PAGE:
Income Tax Cut

15% Average Income Tax Cut: In a significant development, Wisconsin Republicans, who maintain control over the state Legislature, have successfully passed a plan to reduce income taxes by $3.5 billion. The proposed tax cuts, which would result in an average reduction of 15% for all filers or $573, have drawn both support and criticism from various quarters.

The income tax cut plan, retroactively applicable from January 1, 2023, aims to streamline the tax structure from four brackets to three. The lowest tax rate would be lowered to 3.5%, while the highest rate would be set at 6.5%. These changes are expected to simplify the tax system and potentially benefit a wide range of taxpayers.

However, the Republican tax proposal has faced criticism from Democrats, who argue that it predominantly favors the wealthy. Governor Tony Evers, a Democrat, had proposed an alternative tax cut plan that primarily focused on providing relief to low and middle-income earners. In response to the GOP plan, Evers expressed disappointment, stating that it prioritizes tax breaks for the affluent rather than targeting relief for working families.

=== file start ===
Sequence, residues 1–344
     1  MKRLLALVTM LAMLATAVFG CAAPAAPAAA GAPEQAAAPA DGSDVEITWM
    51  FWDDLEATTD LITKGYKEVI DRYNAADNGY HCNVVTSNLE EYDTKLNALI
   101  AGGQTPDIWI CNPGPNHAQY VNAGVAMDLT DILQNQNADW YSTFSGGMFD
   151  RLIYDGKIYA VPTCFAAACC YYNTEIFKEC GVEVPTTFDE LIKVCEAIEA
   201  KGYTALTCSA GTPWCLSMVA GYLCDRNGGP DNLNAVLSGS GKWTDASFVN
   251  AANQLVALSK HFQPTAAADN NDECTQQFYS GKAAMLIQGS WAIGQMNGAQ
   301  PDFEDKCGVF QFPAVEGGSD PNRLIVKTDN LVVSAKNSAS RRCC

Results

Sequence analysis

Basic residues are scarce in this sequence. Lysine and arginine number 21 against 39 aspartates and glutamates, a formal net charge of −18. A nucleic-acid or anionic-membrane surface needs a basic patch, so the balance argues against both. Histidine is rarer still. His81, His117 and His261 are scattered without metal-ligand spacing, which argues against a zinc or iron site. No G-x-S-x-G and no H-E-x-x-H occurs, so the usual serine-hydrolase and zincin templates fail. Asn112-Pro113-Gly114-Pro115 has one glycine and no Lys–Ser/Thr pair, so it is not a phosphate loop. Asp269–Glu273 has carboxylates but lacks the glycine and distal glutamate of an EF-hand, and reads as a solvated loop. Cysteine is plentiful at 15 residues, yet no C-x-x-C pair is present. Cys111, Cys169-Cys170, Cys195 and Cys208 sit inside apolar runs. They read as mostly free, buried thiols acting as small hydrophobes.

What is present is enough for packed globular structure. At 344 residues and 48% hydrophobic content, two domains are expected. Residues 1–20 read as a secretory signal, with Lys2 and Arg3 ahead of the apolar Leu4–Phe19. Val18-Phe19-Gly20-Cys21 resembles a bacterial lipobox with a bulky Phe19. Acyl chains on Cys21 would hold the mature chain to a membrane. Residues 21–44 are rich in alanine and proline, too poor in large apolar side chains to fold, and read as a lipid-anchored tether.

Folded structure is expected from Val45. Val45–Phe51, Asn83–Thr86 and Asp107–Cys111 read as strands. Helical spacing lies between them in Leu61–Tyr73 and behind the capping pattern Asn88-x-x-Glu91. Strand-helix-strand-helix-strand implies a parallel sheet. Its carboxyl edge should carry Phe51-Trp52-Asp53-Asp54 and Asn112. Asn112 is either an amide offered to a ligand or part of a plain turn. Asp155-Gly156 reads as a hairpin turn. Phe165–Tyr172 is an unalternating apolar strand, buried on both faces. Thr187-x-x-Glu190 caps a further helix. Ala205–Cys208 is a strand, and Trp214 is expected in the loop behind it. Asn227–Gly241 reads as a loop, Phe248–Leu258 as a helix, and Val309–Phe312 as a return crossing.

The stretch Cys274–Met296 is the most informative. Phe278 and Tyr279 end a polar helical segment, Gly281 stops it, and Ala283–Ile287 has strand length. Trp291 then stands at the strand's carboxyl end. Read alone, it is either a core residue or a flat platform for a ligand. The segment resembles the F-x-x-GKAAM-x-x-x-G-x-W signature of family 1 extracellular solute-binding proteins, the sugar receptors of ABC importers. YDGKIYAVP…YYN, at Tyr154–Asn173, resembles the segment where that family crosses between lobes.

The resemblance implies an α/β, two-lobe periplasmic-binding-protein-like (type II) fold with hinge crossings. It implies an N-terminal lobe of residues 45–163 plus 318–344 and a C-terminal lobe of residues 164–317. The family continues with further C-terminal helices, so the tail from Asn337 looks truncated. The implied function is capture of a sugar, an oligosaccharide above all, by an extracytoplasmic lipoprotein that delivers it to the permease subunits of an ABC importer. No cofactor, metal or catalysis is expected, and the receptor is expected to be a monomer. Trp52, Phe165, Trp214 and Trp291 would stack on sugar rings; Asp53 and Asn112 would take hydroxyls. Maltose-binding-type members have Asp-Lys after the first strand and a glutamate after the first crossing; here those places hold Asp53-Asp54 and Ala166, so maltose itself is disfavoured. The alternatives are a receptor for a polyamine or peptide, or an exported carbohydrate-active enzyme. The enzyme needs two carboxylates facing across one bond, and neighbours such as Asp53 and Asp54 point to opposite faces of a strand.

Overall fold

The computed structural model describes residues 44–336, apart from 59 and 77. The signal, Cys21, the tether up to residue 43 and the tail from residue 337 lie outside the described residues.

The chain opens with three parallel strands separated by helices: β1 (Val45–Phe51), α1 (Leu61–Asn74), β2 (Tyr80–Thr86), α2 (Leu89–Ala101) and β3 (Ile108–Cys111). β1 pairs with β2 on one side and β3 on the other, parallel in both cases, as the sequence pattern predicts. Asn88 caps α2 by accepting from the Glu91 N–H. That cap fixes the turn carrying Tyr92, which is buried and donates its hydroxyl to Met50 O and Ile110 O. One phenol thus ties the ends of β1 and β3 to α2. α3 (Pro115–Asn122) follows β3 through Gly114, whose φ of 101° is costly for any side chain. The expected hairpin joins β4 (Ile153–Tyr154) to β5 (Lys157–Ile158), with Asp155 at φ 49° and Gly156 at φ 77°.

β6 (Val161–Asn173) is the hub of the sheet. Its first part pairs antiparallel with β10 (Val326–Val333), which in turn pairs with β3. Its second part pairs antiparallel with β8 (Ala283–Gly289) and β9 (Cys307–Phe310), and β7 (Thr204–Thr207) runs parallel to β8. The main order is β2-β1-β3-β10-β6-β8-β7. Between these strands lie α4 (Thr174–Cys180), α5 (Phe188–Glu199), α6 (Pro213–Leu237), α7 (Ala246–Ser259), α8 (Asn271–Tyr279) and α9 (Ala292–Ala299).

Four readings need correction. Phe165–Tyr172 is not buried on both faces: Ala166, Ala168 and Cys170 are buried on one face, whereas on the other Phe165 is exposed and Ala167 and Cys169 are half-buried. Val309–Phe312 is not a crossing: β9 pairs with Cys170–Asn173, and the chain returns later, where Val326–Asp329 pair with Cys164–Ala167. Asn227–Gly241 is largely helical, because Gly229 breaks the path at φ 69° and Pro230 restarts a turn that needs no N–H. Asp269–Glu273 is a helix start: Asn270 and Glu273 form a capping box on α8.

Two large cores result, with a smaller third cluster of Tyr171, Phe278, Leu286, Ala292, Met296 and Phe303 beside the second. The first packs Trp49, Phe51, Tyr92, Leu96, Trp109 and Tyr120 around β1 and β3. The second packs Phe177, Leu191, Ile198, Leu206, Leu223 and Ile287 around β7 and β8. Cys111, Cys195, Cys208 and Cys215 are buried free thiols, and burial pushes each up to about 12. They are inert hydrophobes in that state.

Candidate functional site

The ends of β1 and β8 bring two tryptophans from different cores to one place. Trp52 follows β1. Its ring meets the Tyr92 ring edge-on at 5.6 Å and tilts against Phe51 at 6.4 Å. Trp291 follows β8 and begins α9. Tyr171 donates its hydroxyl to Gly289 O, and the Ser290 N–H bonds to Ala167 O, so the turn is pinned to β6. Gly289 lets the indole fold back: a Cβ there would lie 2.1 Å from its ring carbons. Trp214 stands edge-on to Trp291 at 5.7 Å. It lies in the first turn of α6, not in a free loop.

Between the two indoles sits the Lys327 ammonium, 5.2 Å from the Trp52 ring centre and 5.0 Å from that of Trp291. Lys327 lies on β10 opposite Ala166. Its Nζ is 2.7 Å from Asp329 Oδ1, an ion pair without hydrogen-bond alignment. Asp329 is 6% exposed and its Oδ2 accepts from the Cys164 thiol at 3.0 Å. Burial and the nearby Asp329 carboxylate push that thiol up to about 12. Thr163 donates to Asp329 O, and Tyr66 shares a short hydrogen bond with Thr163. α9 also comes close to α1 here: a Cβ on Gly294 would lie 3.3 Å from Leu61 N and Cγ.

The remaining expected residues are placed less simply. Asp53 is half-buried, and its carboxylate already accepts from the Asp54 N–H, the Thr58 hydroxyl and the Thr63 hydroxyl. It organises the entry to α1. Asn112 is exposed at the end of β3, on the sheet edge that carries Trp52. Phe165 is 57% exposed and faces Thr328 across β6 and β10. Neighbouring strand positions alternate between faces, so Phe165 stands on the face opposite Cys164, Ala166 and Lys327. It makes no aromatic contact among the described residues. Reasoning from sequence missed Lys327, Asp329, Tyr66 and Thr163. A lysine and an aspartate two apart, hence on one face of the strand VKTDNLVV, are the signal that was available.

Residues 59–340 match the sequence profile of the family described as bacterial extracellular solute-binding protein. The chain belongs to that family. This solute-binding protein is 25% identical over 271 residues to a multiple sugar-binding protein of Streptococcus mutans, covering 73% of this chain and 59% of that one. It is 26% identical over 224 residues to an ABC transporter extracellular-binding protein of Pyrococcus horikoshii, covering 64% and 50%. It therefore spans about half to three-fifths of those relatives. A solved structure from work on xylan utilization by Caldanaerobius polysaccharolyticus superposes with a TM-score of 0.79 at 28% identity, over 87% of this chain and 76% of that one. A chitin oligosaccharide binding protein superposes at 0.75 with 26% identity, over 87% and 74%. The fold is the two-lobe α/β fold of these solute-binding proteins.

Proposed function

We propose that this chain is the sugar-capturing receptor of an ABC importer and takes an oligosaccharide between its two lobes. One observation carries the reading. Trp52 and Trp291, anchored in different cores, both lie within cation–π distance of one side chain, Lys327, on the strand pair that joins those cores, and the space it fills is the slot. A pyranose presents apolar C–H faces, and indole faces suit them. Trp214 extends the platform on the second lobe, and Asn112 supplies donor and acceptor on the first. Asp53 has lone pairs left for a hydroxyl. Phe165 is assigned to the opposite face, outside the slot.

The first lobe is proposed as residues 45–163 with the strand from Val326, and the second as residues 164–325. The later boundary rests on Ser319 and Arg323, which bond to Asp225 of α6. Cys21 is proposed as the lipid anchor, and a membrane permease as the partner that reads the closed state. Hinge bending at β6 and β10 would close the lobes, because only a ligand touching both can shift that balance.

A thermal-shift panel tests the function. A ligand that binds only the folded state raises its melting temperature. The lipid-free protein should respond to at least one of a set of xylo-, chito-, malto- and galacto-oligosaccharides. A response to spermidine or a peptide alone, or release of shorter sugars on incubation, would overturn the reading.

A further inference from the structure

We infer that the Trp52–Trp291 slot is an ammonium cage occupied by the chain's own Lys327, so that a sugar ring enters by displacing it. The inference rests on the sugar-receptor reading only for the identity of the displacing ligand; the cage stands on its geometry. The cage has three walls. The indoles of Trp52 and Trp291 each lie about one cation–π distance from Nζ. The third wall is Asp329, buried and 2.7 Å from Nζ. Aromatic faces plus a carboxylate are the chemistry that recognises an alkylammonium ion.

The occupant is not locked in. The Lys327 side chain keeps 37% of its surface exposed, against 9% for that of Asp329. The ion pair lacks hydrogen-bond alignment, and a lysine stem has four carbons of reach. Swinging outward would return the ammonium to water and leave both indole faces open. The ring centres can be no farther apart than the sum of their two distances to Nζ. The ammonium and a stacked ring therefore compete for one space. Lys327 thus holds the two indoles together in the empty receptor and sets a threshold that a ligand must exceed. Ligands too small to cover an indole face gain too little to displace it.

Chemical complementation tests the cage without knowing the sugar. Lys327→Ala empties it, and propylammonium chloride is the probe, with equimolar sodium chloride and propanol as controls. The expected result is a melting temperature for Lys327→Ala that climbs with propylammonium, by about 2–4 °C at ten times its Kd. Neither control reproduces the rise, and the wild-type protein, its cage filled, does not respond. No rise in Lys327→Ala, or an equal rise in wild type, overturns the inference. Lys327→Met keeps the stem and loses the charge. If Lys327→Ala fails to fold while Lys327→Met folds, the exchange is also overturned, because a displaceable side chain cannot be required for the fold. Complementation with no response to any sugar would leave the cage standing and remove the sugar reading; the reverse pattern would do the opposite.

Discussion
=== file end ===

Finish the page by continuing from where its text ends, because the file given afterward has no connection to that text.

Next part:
Debates Over the Income Tax Cut

Under the Republican plan, the largest percentage point drop would occur in the highest tax bracket, affecting married couples earning over $405,550 or single individuals making over $304,170. Their tax rate would decrease from 7.65% to 6.5%. Additionally, the middle two tax brackets would be consolidated, resulting in a 4.4% rate for all married couples with incomes between $9,210 and $202,780. The lowest tax rate for the lowest-income taxpayers would see a slight reduction from 3.54% to 3.5%.

To finance the income tax cuts, the Republicans intend to tap into the state’s projected $7 billion surplus. In addition to the tax cuts, Republicans have allocated $622 million to keep property taxes in check. This funding approach has drawn criticism from opponents who argue that the tax plan, combined with budget decisions to cut childcare programs and reduce spending for the University of Wisconsin, could negatively impact the state’s competitiveness and hinder support for families.

The previous state budget, passed in 2021 by the Republican-controlled Legislature and signed by Governor Evers, had already included income tax cuts totaling over $1 billion. The current GOP plan, which has been incorporated into the larger state budget, must now undergo approval in both the Senate and the Assembly before reaching Governor Evers. It is expected to pass in both chambers, after which Evers will have the power to exercise his line-item veto authority to make changes before signing the two-year spending plan into law.

Income Tax Cut